It’s counterintuitive to think that as global growth prospects have looked better and better, value shares have benefited more than growth stocks. So much so that they have gained sufficient impetus to pull ahead of a universe that has been dominated by sharp rallies in Big Five tech stocks during the pandemic.
During May, the MSCI Growth Index slipped 0.13%, while the MSCI Value Index gained 3% during the month. Year to date, the outperformance is even more pronounced, with growth shares (up 6.5%) delivering less than half the performance of their value counterparts (16.7%).
These performance differentials back up investment views from earlier this year that value was likely to overtake growth after years of underperformance. At the heart of the shift in relative performance are the upbeat global growth prospects and the associated rise in inflation expectations.
There is some debate about how much macro factors contribute to the performance of stock markets. Recent research conducted by Goldman Sachs Asset Management found that although economic growth may influence equity performance, micro matters more, with most performance coming from stocks and not countries.
It notes that investors often question how their views on economic growth should inform how they choose to invest in developed and emerging markets.
“Economic theory suggests that growth influences equity markets in stages: 1) higher corporate profit growth, which leads to 2) higher EPS growth, which finally translates into 3) an increase in stock prices. While such a progression makes intuitive sense, in practice, we do not see a particularly strong statistical relationship.”
According to historical data, there is some positive influence on equity market performance. Still, it is not to a material extent, as the graph below shows, with the strength of the relationship 0.3 versus a perfect correlation of 1.
When it comes to stock selection, Goldman Sachs points out that data since 2010 show that “a significant proportion” of international fund managers have delivered returns in excess of their passive counterparts through their active stock selection. As shown in the graph below, Its analysis puts the outperformance of emerging market and foreign large-cap managers versus the median passive fund at 3.8 percentage points and 2.3 percentage points, respectively.
Again looking from a macro perspective, it would be difficult to attribute the outperformance of emerging market stock markets of late to their economic growth prospects because they lag the advanced economies in an increasingly bifurcated global economic recovery.
Nevertheless, the MSCI Emerging Market Index delivered 2.3% in May versus the MSCI World’s 1.2%. An increasing number of fund managers have expressed a preference for carefully selected emerging markets rather than the shares listed in advanced economies and trading at much higher valuations.
Still, there seems little sign of a turnaround in the rise in developed stock markets. Last week global equities reached a new high, and the S&P 500 remains within easy sight of its all-time high. US stock markets have come slightly off the boil in May and early June, with the S&P 500 0.5% ahead after the first week and the Nasdaq 1% after declining 1.2% in May.
Equity market volatility, as measured by the CBOE VIX, the so-called global fear index, has also subsided to around 16 compared with the 37-plus high reached in late January this year. According to Bloomberg, volatilities across other assets, including corporate bonds, government bonds and foreign exchange, have been declining too, as shown in the graph below.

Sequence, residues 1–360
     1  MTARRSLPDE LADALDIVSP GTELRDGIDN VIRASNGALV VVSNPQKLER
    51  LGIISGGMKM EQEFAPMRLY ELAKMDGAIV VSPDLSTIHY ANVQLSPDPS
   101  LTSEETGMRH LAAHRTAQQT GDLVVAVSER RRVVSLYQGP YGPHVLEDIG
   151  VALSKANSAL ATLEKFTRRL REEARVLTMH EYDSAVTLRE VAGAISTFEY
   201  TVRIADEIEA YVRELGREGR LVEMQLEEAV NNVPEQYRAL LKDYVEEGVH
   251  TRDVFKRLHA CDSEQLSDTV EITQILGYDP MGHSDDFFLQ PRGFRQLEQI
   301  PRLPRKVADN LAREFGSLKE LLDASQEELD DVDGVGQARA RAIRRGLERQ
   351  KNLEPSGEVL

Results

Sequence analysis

But before you get lulled into a false sense of complacency, remember that the inflation debate is nowhere near ending and, with eurozone inflation coming in at 2% this week and the US CPI set to be released within the next week, it may be the calm before the storm.
However, UBS chief investment officer Mark Haefele is confident that the backdrop for stocks remains positive, justified by the positive economic backdrop, a strong earnings outlook, and continued policy support.
He puts forward three arguments that support a continued rise in equities:
- Economic data points to accelerating growth, while the uptick in inflation looks narrow and likely to be short-lived.
- The recovery in global earnings is in full swing.
- Policymakers – both fiscal and monetary – seem willing to let economies run hot.
His bottom line: “Economic data last week continued to point to rising inflation amid higher energy prices. But the rise should prove narrow and short-lived. With growth accelerating, we think the economic outlook is benign for stocks and expect cyclical parts of the market to outperform.”
Capital Economics concurs, believing that investors shouldn’t worry about inflation posing a threat to US stocks. It says that inflation will only be a problem for stocks, “if it hurts the real growth outlook or leads to a sharp tightening of real monetary policy” – something the economic consultancy doesn’t expect to happen soon. As such, it expects the S&P 500 to continue rising over the next few years, but notes that tech and growth stocks “could lag broader market gains”.
It’s hard to bank on any definitive views on where the economy or financial markets are going when many unknowns lie ahead. Although arguments in favour of equities can be convincing, these optimistic Northern summer stock market sentiments may not prove lasting. When volatility re-emerges, as it will, it is likely to prove much wiser to be invested in a diversified portfolio across asset classes and regions. DM/BM